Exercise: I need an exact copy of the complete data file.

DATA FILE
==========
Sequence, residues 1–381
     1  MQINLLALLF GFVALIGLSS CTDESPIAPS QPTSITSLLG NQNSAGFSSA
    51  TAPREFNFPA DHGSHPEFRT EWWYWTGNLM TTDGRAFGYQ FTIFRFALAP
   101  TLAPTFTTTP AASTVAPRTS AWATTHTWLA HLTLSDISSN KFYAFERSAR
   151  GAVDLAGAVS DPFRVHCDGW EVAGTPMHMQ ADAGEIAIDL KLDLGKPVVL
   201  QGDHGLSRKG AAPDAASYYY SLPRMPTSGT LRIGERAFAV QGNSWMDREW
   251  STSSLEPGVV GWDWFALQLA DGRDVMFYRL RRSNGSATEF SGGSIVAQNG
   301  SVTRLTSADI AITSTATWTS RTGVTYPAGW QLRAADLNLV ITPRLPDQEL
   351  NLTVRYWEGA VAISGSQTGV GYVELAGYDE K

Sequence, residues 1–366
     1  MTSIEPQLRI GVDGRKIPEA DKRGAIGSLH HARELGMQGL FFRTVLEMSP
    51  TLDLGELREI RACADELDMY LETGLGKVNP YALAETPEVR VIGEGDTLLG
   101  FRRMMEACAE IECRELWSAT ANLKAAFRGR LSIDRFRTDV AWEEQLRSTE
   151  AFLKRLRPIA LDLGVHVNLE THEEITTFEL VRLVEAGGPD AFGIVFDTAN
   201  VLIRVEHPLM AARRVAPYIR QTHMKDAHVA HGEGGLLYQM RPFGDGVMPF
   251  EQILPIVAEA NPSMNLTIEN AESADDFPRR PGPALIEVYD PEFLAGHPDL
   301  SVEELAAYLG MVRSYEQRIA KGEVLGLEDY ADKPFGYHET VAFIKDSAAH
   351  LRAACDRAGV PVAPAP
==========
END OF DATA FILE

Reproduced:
Sequence, residues 1–381
     1  MQINLLALLF GFVALIGLSS CTDESPIAPS QPTSITSLLG NQNSAGFSSA
    51  TAPREFNFPA DHGSHPEFRT EWWYWTGNLM TTDGRAFGYQ FTIFRFALAP
   101  TLAPTFTTTP AASTVAPRTS AWATTHTWLA HLTLSDISSN KFYAFERSAR
   151  GAVDLAGAVS DPFRVHCDGW EVAGTPMHMQ ADAGEIAIDL KLDLGKPVVL
   201  QGDHGLSRKG AAPDAASYYY SLPRMPTSGT LRIGERAFAV QGNSWMDREW
   251  STSSLEPGVV GWDWFALQLA DGRDVMFYRL RRSNGSATEF SGGSIVAQNG
   301  SVTRLTSADI AITSTATWTS RTGVTYPAGW QLRAADLNLV ITPRLPDQEL
   351  NLTVRYWEGA VAISGSQTGV GYVELAGYDE K

Sequence, residues 1–366
     1  MTSIEPQLRI GVDGRKIPEA DKRGAIGSLH HARELGMQGL FFRTVLEMSP
    51  TLDLGELREI RACADELDMY LETGLGKVNP YALAETPEVR VIGEGDTLLG
   101  FRRMMEACAE IECRELWSAT ANLKAAFRGR LSIDRFRTDV AWEEQLRSTE
   151  AFLKRLRPIA LDLGVHVNLE THEEITTFEL VRLVEAGGPD AFGIVFDTAN
   201  VLIRVEHPLM AARRVAPYIR QTHMKDAHVA HGEGGLLYQM RPFGDGVMPF
   251  EQILPIVAEA NPSMNLTIEN AESADDFPRR PGPALIEVYD PEFLAGHPDL
   301  SVEELAAYLG MVRSYEQRIA KGEVLGLEDY ADKPFGYHET VAFIKDSAAH
   351  LRAACDRAGV PVAPAP